Cats ‘tangoed’ up
Kelley Hungerford. The Linfield Activities Board takes students all across Portland to experience exotic cuisines at events such as the Taste of Greece and the
Kelley Hungerford. The Linfield Activities Board takes students all across Portland to experience exotic cuisines at events such as the Taste of Greece and the Taste of Morocco. But now LAB is bringing a bite of Argentina to Linfield with a little taste of tango.
Argentine tango instructors Eric Lindgren and Rebecca Rorick Smith will teach a three-week series of the dance. The first session met Oct. 1.
Originally from McMinnville, Smith said she contacted last year’s LAB HOP chair about teaching at Linfield. Smith and Lindgren taught a similar tango series last spring.
“Last year was really successful and a lot of fun, and we just want to keep offering it to the students,” Smith said.
Junior Lauren Funtanilla, LAB cultural events chair, said that tango fits better as a cultural event than a HOP event, so she included it in her budget for this year.
“I actually never personally worked with Rebecca, but I heard that she was really good and worked well with the students,” she said.
Funtanilla said she anticipates plenty of involvement in the lessons. In fact, she changed the time from 7 p.m. to 7:30 because she received e-mails from freshmen who were concerned that the tango events conflicted with their Colloquium classes.
The tango series is also structured a bit differently this year.
In the spring, Smith and Lindgren had only an hour to teach. Now, they have two: the first for a lesson, the second for open practice.
“My partner and I really love working with college-aged students,” Smith said. “It’s something that we particularly enjoy because of the freshness of the age group and also their learning curves.”
Smith has another connection with college students: She picked up the dance when she was in school.
“I saw a demo with some teachers at the University of Oregon, and I just knew right away that it was a dance I wanted to do,” she said.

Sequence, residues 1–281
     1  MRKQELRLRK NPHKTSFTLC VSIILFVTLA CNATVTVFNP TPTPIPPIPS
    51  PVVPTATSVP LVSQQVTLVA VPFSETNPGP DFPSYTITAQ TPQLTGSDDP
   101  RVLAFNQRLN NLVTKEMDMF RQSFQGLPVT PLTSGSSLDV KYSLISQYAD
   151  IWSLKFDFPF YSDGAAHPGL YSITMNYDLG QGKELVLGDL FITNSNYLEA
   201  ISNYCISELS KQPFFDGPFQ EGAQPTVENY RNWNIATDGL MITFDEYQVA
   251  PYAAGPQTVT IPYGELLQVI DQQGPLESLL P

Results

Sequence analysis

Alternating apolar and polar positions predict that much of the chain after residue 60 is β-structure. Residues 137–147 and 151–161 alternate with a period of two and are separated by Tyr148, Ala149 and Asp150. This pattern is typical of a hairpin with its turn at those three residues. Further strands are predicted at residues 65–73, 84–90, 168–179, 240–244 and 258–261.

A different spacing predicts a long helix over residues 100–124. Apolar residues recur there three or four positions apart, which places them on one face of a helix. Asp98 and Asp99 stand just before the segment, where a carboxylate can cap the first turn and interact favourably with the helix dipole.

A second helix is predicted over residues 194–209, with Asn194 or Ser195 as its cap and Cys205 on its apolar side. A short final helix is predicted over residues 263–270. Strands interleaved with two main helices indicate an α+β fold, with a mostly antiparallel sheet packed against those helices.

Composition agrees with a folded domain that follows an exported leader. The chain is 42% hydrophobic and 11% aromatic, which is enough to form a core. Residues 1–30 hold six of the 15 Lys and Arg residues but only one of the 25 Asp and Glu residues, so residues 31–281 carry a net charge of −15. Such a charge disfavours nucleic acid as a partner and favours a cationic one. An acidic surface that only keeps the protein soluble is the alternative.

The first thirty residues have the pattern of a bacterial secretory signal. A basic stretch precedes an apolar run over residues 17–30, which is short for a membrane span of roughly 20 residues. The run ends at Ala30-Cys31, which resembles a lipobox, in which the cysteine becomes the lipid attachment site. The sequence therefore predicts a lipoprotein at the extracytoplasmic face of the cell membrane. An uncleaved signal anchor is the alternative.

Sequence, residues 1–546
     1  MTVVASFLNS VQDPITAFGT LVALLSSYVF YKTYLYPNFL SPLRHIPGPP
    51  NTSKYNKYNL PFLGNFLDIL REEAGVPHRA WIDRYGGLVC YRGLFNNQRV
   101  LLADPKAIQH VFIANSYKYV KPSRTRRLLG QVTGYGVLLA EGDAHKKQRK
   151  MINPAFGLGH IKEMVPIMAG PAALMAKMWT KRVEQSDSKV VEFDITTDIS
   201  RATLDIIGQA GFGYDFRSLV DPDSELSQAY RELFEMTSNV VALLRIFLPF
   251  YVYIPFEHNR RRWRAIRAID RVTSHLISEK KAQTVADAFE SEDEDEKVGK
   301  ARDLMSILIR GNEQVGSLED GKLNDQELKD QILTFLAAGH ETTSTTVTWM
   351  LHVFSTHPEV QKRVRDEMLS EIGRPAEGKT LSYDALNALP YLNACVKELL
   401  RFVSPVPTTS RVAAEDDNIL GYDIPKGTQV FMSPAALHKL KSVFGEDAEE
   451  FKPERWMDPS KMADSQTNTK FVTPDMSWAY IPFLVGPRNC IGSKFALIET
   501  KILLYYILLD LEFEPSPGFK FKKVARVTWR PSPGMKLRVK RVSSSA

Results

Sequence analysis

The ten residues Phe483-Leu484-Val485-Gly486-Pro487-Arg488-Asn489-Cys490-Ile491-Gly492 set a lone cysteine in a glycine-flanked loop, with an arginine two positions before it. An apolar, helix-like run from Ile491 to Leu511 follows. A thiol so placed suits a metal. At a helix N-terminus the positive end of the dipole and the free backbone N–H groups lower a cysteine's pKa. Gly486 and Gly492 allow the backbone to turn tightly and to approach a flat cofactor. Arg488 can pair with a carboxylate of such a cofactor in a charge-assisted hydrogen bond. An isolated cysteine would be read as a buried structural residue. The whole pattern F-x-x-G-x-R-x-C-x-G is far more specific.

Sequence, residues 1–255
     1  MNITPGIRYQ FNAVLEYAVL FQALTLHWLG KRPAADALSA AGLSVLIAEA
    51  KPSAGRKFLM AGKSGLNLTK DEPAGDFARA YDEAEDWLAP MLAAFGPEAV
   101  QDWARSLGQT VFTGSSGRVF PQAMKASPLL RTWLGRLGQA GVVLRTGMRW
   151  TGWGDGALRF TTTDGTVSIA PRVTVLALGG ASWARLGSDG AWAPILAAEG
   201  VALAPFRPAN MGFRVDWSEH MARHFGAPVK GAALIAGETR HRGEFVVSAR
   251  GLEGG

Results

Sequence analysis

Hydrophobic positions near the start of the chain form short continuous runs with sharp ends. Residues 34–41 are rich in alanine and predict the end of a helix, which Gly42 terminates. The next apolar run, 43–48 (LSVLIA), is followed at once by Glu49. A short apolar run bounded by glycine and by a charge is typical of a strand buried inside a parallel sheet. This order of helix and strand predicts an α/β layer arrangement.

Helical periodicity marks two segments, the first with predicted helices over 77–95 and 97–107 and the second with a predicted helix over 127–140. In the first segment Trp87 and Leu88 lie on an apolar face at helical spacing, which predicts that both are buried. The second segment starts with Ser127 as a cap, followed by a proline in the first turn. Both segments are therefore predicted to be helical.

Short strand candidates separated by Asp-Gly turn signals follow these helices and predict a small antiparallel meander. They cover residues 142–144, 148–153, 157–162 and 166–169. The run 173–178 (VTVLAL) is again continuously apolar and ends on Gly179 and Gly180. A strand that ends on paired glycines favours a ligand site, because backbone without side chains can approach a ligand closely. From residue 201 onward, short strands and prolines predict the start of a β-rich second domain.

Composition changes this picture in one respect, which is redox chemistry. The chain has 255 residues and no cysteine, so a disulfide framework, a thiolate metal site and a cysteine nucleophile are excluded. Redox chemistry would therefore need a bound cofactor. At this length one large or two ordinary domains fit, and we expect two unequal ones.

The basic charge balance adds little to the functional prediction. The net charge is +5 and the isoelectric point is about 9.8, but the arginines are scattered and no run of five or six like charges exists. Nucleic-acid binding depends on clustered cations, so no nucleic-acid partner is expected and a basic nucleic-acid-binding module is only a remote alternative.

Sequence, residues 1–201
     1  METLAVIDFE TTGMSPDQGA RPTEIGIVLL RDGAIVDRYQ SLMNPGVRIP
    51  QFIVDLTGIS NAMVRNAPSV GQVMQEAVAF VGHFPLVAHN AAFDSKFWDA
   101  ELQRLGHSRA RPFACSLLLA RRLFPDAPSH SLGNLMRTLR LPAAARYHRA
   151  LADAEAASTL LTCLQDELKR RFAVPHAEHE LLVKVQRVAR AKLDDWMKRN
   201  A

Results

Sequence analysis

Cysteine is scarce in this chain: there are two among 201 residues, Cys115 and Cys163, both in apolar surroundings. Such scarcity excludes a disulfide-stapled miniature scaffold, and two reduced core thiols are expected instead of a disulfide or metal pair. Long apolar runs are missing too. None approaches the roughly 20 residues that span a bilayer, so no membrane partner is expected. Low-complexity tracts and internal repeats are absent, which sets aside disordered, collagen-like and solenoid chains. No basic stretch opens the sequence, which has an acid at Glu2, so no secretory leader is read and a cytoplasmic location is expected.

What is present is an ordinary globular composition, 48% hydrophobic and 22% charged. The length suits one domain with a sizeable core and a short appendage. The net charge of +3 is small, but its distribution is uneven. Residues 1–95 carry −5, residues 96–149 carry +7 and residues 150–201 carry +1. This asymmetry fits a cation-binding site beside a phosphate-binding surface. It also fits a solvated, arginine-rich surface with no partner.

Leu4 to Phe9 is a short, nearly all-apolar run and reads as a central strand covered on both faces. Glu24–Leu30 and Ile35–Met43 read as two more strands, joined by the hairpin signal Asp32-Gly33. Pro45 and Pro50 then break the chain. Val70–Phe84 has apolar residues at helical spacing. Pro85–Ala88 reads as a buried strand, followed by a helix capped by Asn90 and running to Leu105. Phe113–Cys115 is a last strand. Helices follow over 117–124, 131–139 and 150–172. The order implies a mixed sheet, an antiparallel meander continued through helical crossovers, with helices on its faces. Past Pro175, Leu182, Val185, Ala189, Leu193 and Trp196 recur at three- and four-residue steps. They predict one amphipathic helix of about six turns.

Since her 1999 encounter, Smith has taught in locations across the Northwest and the world, including India, England and Canada. She also has been to Argentina to perfect her tango technique.
Lindgren moved to Buenos Aires shortly after his introduction to tango and studied there for a year. He has taught in New York and Rhode Island since then and has visited Buenos Aires sporadically since he left.
The two have been teaching together since 1999.
The Linfield lessons will cover tango and social dance fundamentals, such as how to ask people to dance and the concept of connection.Connection is key to dancing because it’s how dancers communicate witch each other.
“In Argentine tango, everything is improv, so you start learning how to communicate to improv,” Smith said.
One of the most magical and complex aspects about tango, she said, is the lack of a basic step. This makes connection and form essential to the dance.
“There’s a lot of physics in the form,” Smith said, adding that she and Lindgren will be teaching open-embrace connection and have students rotate partners throughout the lesson to familiarize them with a social-dance setting.
Smith, who also teaches with Lindgren at Portland State University and area high schools, said the goal is to make students feel comfortable with the dance so that they will become involved in Portland’s large tango dance scene.
“The population of young people in tango communities in Oregon is really high, which is really exciting because it’s growing so much,” she said. “There’s no other social dance form that captures so much passion and intensity.”
Smith said this intensity allows for great emotional range
“It can be very raw, and it can be very subtle, and it’s really a very versatile, expressive medium for people,” she said. “It’s very powerful. It has a lot of potency and connection, and it’s very beautiful and very captivating to watch.”
But Lindgren said students shouldn’t be nervous about learning the dance.
“I actually think tango draws in a lot of shy boys,” he said. “In tango, you can distract yourself a little bit with the learning process. I know a lot of people who start dancing because they were social recluses.”
Lindgren adds that because dance isn’t verbally communicated, stumbling through small talk isn’t usually a problem.
“You get a sense of the potential and the social interaction in a dance context that you don’t get every day,” Smith said. “It’s really unique and a blast.”
Lindgren and Smith will return Oct. 8 and 15 to teach more tango. Grab your dancing shoes and meet them at 7:30 p.m. in the Multipurpose Room in the Ted Wilson Gymnasium.